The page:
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Thursday: Full CollapseFull Collapse (2001)
Reviewer Rating: 4
Contributed by: AubinAubin
(others by this writer | submit your own)
I think I can pinpoint the exact time when Victory Records stopped being just a hardcore label. I mean, sure, they had bands like Catch 22, and Electric Frankenstein, but people still called them the 'angry tattooed straight-edge guy label' until just recently. Well, in case you haven't guesse.
I think I can pinpoint the exact time when Victory Records stopped being just a hardcore label. I mean, sure, they had bands like Catch 22, and Electric Frankenstein, but people still called them the 'angry tattooed straight-edge guy label' until just recently.
Well, in case you haven't guessed, Victory's name and sound suddenly became a much bigger thing about the time they signed Grade. Suddenly the emo kids, the college kids, and even the pop-punk skatekids knew Victory. Well, Victory didn't want just want one breakthrough band, and they seem like they're really committed to signing good, unique sounding bands, not just Grade-clones.
Which of course brings us to Thursday. Some of the more risque among you might have picked up their great debut Waiting, which really hinted at something amazing, but wasn't there yet. Well, Full Collapse delivers on the promise of Waiting and then some.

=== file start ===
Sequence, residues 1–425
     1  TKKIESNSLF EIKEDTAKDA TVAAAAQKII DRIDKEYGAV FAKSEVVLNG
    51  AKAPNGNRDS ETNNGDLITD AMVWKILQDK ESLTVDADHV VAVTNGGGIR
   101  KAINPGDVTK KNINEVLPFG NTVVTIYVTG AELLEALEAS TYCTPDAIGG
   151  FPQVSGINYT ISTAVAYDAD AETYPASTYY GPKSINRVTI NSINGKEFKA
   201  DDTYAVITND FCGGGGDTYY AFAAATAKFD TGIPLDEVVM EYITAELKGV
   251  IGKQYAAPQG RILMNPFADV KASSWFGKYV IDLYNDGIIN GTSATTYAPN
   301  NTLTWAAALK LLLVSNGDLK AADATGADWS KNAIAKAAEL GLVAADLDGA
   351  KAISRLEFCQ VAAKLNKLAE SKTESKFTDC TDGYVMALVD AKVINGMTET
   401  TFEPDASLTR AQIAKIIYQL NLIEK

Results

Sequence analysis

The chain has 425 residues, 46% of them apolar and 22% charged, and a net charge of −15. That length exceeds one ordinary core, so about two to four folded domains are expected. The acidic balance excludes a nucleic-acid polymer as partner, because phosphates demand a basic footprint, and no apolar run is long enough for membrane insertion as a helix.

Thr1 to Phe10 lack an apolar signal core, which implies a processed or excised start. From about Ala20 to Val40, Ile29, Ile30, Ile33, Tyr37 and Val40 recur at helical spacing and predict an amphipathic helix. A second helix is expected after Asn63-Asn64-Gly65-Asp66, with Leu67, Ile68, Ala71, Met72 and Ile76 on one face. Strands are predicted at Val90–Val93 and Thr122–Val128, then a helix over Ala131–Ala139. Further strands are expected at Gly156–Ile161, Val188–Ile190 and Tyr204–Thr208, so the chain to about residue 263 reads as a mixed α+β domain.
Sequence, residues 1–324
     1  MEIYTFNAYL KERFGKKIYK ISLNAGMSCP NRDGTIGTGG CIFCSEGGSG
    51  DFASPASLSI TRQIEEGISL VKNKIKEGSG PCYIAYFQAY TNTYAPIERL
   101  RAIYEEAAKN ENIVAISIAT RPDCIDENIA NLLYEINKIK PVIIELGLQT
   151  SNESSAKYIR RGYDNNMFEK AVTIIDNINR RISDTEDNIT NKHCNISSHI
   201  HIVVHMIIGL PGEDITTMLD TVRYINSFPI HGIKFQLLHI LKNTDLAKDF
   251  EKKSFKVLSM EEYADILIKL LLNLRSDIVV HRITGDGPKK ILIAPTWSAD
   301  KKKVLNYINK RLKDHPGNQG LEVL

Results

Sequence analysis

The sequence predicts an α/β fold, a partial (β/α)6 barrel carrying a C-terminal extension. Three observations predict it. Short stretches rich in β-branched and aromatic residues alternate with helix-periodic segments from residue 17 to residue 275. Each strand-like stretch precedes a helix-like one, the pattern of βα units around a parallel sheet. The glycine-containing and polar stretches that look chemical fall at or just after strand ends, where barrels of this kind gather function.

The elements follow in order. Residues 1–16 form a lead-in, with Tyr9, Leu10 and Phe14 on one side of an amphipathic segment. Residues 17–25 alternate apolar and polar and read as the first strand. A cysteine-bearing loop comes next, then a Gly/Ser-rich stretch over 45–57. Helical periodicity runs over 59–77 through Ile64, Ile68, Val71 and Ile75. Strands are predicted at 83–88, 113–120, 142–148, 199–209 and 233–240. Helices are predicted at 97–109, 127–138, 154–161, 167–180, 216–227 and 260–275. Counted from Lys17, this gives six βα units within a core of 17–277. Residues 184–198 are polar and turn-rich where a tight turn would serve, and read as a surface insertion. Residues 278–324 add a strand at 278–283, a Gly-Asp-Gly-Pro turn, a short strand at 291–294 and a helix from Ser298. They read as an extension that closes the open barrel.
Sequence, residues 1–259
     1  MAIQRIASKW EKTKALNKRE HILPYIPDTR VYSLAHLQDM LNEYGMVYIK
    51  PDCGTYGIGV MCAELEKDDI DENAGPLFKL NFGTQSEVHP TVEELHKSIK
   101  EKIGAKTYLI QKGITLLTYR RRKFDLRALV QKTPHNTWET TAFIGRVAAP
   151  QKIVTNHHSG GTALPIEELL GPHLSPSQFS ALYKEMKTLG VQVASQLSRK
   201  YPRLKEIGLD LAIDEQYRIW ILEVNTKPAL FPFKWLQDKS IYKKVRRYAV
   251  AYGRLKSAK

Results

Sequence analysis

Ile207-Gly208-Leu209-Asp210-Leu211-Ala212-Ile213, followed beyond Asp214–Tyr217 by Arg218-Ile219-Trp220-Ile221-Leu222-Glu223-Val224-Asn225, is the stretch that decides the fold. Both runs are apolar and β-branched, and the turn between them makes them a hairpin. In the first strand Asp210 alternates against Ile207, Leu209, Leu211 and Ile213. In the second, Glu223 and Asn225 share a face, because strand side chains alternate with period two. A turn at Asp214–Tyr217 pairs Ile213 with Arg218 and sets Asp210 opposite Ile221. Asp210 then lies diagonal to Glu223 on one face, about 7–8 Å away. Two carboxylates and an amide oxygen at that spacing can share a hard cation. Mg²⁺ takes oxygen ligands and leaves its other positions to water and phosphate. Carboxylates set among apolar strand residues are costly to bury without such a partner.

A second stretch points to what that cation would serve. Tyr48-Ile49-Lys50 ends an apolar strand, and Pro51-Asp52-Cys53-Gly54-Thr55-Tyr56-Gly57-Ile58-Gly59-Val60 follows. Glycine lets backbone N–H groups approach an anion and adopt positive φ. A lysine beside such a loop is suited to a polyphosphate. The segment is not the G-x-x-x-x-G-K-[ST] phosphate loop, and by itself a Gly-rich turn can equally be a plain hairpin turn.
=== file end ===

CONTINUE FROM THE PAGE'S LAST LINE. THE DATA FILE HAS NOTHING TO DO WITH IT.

How to describe Thursday? I hate describing the sound of a band, they're always much more than you can adequately describe with words. At the simplest, Thursday uses a mixture of post-punk and hardcore. And when I say post-punk, I mean, a la Deep Elm. They use some piano on some of the tracks. But don't let that put you off. There is some serious intensity here, great powerful riffs, and a singer who can actually sing, and scream.
There are a lot of stand out tracks on this disc, starting after the :36 second intro, "Understanding in a Car Crash" starts off soft, and slow, but explodes into, well, what pain probably sounds like. "A Hole in the World" has a Jawbreaker-esque riff, and sparing, but touching use of that piano I mentioned earlier. The band has really mastered the use of tempo and volume, as the vocalist will scream, while the instruments echo that sound, and suddenly, the song drops into a quiet bridge, with just the bass and piano playing.
A band like this evokes a lot of emotions in listeners, as they've really captured their feelings in both the lyrics and the music. None of the melodic parts seem forced, nor does the screaming. It's harsh, it's catchy, and just beautiful. Don't miss it.
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